U.S. Base Oil Price Report


Base oil spot prices in the United States appear to be inching up on tighter supply conditions, but domestic demand is still not as strong as suppliers had anticipated for this time of the year.

Sellers described current requirement levels as “average.” Many consumers appeared to be comparing prices between different suppliers but delaying purchases in hopes of finding the lowest offers.

Comparatively, the spot export market seemed to be more active, with traders and brokers diligently seeking quotes and showing particular appetite for purchasing heavy-viscosity cuts, according to sources.

Some of these base stocks were said to be in limited supply because two API Group II facilities – Chevron’s Pascagoula, Louisiana, unit and the Excel Paralubes plant in Lake Charles, Louisiana – will be undergoing turnarounds in March. Suppliers have therefore restricted spot export sales in order to build inventories and meet domestic contractual requirements during the outages.

The tightening has led to spot export prices climbing by a few cents to as much as 20 cents per gallon for some grades, compared to January levels, sources said. Group II 600 neutral was one of the cuts undergoing steeper adjustments.

Mexican buyers have also shown keen interest in U.S. product following temperate demand in the previous weeks. Sources said that this was likely because base oils have also moved up at other origins, and U.S. prices proved to be more attractive than expected.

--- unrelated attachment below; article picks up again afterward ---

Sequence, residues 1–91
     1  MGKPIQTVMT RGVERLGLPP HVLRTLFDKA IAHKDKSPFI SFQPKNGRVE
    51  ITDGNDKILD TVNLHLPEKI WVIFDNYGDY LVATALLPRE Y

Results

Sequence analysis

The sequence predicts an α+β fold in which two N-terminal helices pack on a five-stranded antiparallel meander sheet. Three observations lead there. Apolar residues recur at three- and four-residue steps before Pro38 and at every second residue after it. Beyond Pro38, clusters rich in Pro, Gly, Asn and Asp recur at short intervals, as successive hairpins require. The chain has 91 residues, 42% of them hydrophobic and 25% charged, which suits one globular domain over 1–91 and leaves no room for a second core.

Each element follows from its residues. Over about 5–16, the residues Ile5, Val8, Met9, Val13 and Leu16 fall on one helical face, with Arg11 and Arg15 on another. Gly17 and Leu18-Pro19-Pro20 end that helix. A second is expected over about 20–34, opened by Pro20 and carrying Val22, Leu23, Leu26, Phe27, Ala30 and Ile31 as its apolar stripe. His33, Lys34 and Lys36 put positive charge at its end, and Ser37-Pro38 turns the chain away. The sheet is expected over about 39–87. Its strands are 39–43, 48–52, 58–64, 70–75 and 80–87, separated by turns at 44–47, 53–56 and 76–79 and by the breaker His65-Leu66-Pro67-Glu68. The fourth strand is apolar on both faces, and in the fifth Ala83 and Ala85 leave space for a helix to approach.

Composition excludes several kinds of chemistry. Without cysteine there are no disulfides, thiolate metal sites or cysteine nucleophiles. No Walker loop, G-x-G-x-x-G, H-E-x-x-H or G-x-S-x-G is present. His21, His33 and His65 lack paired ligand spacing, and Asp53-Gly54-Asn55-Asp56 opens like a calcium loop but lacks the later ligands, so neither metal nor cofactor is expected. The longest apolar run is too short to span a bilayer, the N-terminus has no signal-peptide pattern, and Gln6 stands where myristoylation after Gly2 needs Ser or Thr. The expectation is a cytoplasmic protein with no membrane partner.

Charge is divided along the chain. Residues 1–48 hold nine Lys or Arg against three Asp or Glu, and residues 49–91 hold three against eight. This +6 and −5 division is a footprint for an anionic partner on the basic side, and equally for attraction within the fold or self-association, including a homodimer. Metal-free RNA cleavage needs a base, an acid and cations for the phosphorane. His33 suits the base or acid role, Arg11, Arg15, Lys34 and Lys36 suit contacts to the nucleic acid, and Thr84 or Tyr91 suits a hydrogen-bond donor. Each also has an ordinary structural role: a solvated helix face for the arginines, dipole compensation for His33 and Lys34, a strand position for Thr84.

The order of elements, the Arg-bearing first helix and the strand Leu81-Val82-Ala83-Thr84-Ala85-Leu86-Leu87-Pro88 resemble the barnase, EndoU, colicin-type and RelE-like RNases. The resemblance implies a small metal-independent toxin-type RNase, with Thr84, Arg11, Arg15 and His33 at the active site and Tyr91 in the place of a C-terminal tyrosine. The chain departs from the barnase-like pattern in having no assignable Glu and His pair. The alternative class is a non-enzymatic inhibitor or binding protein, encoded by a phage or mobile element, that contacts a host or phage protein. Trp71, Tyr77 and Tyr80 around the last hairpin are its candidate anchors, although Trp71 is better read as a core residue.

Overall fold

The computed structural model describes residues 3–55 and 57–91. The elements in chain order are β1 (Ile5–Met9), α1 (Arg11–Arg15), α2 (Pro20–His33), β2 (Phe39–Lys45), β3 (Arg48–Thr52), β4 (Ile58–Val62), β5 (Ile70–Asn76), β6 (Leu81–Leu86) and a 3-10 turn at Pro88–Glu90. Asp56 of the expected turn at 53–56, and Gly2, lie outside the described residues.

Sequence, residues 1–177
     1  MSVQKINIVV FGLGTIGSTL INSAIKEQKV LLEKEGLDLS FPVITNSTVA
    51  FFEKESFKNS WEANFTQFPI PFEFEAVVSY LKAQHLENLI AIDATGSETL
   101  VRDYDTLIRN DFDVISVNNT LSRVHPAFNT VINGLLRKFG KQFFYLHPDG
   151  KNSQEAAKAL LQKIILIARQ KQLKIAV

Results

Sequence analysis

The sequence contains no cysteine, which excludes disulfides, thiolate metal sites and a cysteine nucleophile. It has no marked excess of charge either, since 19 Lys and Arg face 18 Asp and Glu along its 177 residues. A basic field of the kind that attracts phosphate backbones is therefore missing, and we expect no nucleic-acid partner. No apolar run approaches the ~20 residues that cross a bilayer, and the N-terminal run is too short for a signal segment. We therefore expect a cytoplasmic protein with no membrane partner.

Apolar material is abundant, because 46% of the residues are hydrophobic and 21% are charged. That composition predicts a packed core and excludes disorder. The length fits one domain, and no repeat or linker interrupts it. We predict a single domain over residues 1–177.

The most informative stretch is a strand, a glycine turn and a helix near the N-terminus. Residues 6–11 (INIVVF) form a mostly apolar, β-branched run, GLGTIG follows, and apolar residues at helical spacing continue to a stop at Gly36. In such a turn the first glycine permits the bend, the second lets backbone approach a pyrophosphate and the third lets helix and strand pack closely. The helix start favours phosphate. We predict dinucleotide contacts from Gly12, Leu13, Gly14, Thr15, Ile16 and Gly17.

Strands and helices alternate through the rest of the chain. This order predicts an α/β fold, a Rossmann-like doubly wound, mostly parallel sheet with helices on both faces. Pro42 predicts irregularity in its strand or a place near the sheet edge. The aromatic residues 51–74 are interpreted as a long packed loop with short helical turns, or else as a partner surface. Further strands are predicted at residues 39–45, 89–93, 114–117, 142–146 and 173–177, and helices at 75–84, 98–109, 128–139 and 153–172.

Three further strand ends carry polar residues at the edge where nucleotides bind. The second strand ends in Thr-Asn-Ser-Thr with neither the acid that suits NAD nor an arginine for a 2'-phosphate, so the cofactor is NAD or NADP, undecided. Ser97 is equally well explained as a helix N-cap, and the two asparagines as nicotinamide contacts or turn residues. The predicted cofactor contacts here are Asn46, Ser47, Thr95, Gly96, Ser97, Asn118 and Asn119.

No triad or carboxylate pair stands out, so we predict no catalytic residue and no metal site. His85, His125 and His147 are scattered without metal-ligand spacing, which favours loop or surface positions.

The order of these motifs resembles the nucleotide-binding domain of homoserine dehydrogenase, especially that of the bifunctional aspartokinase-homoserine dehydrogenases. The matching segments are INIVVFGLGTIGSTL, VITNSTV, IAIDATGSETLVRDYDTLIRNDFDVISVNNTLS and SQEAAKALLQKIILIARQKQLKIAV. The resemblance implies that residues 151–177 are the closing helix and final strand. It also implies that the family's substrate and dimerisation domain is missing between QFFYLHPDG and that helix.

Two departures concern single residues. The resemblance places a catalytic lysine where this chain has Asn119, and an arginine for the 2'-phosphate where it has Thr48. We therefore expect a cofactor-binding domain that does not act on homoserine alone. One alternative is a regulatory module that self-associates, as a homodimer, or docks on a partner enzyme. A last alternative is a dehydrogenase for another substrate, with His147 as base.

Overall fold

On the naphthenic base oils front, activity was said to be steady, with no significant changes over the past few weeks in terms of demand or pricing.

Market players were also keeping a keen eye on crude oil prices, as numbers zigzagged within a narrow range during the week, climbing on Monday and dipping on Tuesday on concerns about a potential build-up in U.S. crude inventories, which could offset the effects of OPEC production cuts.

West Texas Intermediate futures on the CME/Nymex settled at $54.01 per barrel on Feb. 28, down 5 cents from the Feb. 21 settlement of $54.06/bbl.

Light Louisiana Sweet wholesale spot prices closed at $55.52/barrel on Feb. 27, up from $55.21 on Feb. 17, according to data from the U.S. Energy Information Administration. There was no trading on Feb. 20 on account of the Presidents’ Day holiday.

Brent was trading at $55.59/bbl on the CME on Feb. 28, down $1.07 cents from $56.66/bbl on Feb. 21.

There was much talk regarding the U.S. economy ahead of President Trump’s address to Congress on Tuesday evening, in which he was expected to present his economic vision.

A report from the Department of Commerce showed that gross domestic product increased by 1.9 percent in the fourth quarter, unrevised from the previous estimate. Economists had expected the pace of growth to be upwardly revised to 2.1 percent. The unrevised GDP growth in the fourth quarter is significantly lower than the 3.5 percent jump seen in the third quarter.

Historic U.S. posted base oil prices and WTI and Brent crude spot prices are available for purchase in Excel format.

Related Topics

Base Oil Reports    Base Stocks    Market Topics    Other